Having been turned onto Genesis by my friend Steven LeClair in college and subsequently discovering the solo careers of the band members with the passage of time, I have tremendous respect for Steve Hackett as a musician, composer, arranger, and producer. The opportunity to spend some time talking with Steve on a recent Sunday phone call to the U.K. resulted in what you are about to read: The full transcript of a conversation with a creative genius.  

Steve Hackett’s candid and revealing insight into Genesis—a band that many people feel ranks among the greatest the world has ever known—was delivered in a voice devoid of malice; rather, his tone conveyed a mature wisdom that lent considerable weight to his words. Our discussion covered a variety of areas, including his solo career, his innovative use of double-tapping on guitar, his collaborations with Yes members Steve Howe and Chris Squire, past albums and performances, his current world tour, and a new album that he has just completed.

For his candor, friendliness, and most importantly, time, I thank Steve Hackett for spending part of his time with me.

Read on and enjoy!


Roy Abrams: This is the third time that Genesis Revisited is on the road since the first tour in 1996. What is your perspective on the musical power of Genesis with the passage of time?

Steve Hackett: The way I see it, I imagined I’d just do one tour of this because there’s a stiff amount of competition out there with all the tribute bands doing this stuff, and my tour manager was saying to me, “If you’re going to do this stuff again, the stuff you wrote with the band back in the ‘70s, you’ve got to be better than the tribute bands.” I thought, well, how do I approach that? Obviously, you’ve got to be thorough about it, so I rerecorded the material in order to teach it to myself again, and everyone else. So everyone who took part learnt it via recording it. And when it came to the live show, it took me about three months of solid work to manage to relearn a Genesis set, because it’s complicated music. I realize I was a different person when I was involved with that at the time. It’s not that it’s technically more difficult than all the things I’ve done separately, but in terms of a memory test, it’s all over the fret board, it’s all over the keyboard. So there is logic to it; when you’ve got five guys all throwing in ideas, as we were originally within Genesis.

SH: Oh yeah, that’s right—I remember doing that one.

RA: It’s about a 40-minute long concert, opening with “Please Don’t Touch” and ending with “Angel of Mons” … I watched it twice through last night and just kept saying to myself, “This is what genius sounds like.”

SH: Well, I’m glad you liked it that much! At the time, I was still pretty young at that point, I was still in my 20s, and I remember we did the show and the band were pretty nervous because they (the production crew) were telling us that we were playing too loud and there were lines on the camera and all this kind of stuff, so we were trying to figure out what it was that was going to spook the cameras! It was the technology in those days. And we found out that just the sound of a cymbal being struck acoustically created these sort of waves on the camera so I just agreed to turn down and then we did exactly what we liked for the show. In other words, we got out of in the time-honored way, but it did kind of spook everybody and so we were bristling, really. But it’s got some young fire, doesn’t it; it’s got some young energy!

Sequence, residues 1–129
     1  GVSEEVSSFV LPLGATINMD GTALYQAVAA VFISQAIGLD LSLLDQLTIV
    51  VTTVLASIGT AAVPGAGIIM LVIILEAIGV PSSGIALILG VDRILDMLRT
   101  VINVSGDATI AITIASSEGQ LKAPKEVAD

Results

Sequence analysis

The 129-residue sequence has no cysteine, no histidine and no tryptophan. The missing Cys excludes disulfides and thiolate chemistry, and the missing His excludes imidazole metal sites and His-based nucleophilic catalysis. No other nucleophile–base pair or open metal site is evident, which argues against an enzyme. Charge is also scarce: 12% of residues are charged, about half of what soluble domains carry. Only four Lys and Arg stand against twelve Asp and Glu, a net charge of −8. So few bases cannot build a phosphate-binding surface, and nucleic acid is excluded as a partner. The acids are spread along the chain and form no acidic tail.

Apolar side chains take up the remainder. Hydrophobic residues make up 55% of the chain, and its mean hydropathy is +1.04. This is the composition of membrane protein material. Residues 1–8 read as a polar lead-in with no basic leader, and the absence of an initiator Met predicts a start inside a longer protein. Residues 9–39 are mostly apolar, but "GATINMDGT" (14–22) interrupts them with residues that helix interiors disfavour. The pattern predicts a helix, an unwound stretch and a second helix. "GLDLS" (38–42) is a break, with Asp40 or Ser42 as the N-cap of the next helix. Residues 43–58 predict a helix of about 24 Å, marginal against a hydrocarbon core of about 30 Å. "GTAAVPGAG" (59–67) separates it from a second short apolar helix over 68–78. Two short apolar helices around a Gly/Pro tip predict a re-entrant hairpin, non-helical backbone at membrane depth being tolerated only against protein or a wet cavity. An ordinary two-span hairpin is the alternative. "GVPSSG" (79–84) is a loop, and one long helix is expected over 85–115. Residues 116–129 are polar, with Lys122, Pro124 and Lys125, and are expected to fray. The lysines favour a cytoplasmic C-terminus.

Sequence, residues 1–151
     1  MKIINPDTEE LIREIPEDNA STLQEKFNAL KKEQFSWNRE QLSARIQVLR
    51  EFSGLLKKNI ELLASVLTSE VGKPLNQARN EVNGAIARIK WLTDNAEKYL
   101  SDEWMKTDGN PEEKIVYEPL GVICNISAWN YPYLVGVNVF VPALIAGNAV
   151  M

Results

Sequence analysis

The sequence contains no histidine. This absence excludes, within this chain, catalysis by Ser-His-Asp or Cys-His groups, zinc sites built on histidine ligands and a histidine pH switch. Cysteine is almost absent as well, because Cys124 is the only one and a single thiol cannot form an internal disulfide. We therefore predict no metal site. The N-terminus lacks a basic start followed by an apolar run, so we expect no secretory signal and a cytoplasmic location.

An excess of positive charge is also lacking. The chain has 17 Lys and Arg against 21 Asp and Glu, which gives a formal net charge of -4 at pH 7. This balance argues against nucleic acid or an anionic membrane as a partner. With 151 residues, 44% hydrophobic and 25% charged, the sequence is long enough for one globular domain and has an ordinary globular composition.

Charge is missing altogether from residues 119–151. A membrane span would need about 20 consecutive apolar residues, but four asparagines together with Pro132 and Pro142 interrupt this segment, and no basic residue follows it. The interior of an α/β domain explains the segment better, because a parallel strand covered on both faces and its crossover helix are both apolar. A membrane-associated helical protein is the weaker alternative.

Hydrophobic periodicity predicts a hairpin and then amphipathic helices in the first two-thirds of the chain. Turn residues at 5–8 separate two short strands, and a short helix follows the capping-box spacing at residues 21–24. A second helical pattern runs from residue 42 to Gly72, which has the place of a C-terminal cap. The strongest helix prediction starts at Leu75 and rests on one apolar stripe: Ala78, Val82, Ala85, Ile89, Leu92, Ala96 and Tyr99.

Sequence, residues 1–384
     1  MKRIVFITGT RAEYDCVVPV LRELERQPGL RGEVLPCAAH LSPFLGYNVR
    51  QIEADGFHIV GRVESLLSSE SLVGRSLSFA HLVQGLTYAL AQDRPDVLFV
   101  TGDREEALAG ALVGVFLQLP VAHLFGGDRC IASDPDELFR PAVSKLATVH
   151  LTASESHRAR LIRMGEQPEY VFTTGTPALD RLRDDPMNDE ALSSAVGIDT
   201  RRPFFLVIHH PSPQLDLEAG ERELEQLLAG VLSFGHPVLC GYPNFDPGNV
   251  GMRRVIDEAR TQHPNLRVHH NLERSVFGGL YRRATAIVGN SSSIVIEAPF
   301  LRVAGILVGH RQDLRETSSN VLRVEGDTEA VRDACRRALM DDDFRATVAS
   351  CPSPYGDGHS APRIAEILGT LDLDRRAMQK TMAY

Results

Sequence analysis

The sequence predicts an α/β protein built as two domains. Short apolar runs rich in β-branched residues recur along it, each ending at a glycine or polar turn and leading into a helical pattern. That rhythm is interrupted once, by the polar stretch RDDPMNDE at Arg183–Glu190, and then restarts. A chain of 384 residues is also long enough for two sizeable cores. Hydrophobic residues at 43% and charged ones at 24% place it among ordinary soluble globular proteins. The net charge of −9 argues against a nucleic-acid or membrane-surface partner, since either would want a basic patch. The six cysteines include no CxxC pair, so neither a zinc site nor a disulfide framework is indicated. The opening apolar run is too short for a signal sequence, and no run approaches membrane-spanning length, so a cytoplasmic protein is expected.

RA: You mentioned fire … To me your music has always been an amalgam of the four basic elements: fire, air, water, earth, each with its own inherent power. Fans of your music will attest to the powerful listening experience which results. What insights you can share into your perception of the power of music?

SH: Oh my goodness me! The power of music is extraordinary; it certainly has the power to heal! We know that from the studies of Dr. Oliver Sacks, talking about people with (various brain issues). And he mentioned the example of a woman who could only move (in her normal state she’d be ‘frozen’), she could only move when she heard moving music; she was moved emotionally in order to move physically. So there is an instance of the power of music. Isn’t that extraordinary? And, on a more basic level, it’s guys whistling in a bathroom to perform. It’s all sorts of things; the very air that I breathe is the oxygen that I have to have around me; it keeps me going, it keeps me motoring. Visconti (the Italian film director) talked about having a cold of the flu, then working on the set, directing, saying “suddenly, I’ve no longer got a sore throat; suddenly I’m engaged with the process and things start happening and I forget about how I’m feeling—something else takes over.” At least, that’s the spirit of what he was saying. If you go onstage and you’ve got the flu [laughs]. I’ve done it many times, because that’s the way it is. By the end of the show, I can guarantee you’ll be feeling a lot better for having gotten through it, for a start! So music is a very good and powerful medicine.

RA: I see that some of your current band mates have been with you for quite a while; others are relatively new.